ART | What I've Learned From My 1200+ Sales on Etsy Part Two

Friday, January 29, 2016

Last week, I wrote up Part One of this post where I shared the first 5 things I have learned from my 1200+ sales on Etsy. Anyone can create a shop on Etsy, but not everyone is going to succeed, so my tips can help maximize your chance of success. From my experiences, I have rounded up the top 10 things I have learned since I have started selling. Before reading the rest of the list, I recommend reading Part One.

So here we go! Part two!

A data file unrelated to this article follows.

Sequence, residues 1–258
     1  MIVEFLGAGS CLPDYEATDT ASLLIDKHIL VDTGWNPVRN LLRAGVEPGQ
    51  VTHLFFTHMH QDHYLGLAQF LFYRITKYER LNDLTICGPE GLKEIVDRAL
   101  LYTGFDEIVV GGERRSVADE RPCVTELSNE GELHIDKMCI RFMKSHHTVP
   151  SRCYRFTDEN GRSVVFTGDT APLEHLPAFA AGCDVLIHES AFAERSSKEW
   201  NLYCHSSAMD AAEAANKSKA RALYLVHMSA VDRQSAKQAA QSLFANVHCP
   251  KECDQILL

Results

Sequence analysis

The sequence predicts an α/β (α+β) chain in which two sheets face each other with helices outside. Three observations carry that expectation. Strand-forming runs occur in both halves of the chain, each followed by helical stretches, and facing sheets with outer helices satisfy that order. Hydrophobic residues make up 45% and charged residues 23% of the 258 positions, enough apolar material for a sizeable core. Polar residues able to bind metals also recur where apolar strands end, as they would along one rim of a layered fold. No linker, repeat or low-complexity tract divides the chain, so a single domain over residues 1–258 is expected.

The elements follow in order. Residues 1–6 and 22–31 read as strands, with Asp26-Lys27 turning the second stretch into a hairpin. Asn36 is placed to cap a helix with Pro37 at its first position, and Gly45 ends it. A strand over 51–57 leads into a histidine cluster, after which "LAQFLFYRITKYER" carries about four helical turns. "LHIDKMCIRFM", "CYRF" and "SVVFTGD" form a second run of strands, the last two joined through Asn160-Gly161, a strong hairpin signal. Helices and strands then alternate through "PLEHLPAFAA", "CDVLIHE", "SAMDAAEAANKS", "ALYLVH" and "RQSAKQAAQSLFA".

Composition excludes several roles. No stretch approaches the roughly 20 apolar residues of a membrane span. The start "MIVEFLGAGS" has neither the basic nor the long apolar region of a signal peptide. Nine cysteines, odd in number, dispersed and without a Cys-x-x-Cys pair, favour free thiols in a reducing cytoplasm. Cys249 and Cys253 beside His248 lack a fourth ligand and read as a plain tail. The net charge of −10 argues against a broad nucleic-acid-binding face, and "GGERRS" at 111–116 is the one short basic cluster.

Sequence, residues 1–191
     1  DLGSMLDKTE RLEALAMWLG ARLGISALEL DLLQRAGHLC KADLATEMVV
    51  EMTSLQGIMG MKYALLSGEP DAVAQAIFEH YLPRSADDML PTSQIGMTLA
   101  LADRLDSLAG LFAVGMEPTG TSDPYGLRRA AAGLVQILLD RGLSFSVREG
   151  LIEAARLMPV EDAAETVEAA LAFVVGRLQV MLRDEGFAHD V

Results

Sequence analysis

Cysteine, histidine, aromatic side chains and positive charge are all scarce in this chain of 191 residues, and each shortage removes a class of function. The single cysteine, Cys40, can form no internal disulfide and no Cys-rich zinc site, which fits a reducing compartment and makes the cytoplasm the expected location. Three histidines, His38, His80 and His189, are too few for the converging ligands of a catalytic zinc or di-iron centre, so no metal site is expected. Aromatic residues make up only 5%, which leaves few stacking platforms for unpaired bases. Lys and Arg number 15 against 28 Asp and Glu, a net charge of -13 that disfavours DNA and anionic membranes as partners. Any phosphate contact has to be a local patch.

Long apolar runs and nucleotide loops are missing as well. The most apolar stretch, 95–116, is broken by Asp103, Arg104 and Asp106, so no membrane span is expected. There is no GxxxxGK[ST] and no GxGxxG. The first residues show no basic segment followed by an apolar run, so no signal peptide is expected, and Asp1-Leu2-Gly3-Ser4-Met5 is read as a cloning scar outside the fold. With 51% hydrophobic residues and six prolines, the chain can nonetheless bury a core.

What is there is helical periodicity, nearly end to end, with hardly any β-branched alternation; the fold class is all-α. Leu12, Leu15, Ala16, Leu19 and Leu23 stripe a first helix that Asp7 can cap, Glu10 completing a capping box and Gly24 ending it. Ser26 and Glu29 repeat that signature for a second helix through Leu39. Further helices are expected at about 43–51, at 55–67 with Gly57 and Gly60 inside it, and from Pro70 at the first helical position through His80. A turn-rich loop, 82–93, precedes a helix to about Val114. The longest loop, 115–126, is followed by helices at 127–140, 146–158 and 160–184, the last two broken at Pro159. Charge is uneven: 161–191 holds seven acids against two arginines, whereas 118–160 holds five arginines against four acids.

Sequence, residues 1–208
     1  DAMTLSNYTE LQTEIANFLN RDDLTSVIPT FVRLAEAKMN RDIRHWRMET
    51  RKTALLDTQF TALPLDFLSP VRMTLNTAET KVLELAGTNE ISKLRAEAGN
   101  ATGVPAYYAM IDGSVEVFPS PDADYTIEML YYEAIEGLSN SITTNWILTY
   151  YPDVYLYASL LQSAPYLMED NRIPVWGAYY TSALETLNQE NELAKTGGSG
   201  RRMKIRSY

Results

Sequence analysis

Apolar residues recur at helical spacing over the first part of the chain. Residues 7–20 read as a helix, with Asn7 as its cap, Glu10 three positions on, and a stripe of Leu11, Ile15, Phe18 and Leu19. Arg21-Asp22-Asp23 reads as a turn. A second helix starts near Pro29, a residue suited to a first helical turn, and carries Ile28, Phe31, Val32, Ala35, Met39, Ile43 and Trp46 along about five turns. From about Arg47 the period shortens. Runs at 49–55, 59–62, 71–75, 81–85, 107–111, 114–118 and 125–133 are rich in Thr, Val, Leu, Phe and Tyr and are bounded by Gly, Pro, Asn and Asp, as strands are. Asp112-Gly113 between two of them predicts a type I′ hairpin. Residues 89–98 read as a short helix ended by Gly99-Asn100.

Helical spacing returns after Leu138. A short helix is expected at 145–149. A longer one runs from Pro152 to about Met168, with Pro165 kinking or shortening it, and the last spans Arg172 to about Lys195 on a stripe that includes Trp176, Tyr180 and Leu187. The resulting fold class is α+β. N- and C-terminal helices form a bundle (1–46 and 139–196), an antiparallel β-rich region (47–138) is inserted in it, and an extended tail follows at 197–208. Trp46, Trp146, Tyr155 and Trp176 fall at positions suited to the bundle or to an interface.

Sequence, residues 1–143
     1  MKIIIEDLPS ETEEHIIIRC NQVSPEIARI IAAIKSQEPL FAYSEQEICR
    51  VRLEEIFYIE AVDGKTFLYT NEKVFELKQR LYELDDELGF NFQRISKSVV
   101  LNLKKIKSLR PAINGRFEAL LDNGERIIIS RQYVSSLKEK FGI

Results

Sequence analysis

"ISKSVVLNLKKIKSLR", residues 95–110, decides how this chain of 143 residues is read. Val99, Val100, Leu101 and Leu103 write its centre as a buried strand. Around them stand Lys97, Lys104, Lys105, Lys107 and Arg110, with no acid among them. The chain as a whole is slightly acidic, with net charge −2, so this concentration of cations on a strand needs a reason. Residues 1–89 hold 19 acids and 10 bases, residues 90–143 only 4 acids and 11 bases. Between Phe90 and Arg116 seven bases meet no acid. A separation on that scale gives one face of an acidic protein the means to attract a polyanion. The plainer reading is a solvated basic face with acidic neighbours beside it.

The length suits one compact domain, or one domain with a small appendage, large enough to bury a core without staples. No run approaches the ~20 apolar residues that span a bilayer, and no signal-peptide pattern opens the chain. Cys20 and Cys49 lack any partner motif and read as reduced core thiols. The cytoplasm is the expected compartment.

6. Differentiate Yourself: Many categories on Etsy are incredibly over saturated. For example, when you look up the keyword "necklace", you get nearly 3 MILLION listing results; the "art" category has over 2 million listing results; there are over 800,000 listings for "bows", and nearly 700,000 listings found by searching "knitted". Everyone has this idea that they can make something that already exists and make money off of it because others are, but it's not as simple as that. Sure, you could go into the abstract art market or start making cute little headbands for babies, but there are a lot of other people who have that same idea. You have to differentiate yourself. In a sea of sellers, you have to stand out. You can do this by providing exception customer service or by offering products in a niche market. If you can't provide a good reason as to why someone should purchase from you instead of another seller, you aren't going to make that sale. My cards have been successful because I found a niche market for military themed greeting cards. I have few competitors and have "insider information" about military life, deployment, and army wife-li-ness. On top of that, I really focus on building strong relationships with my customers and through my efforts, I have distinguished myself to be different from the rest. I found a way to stand out in a sea of incredibly talented sellers and creators.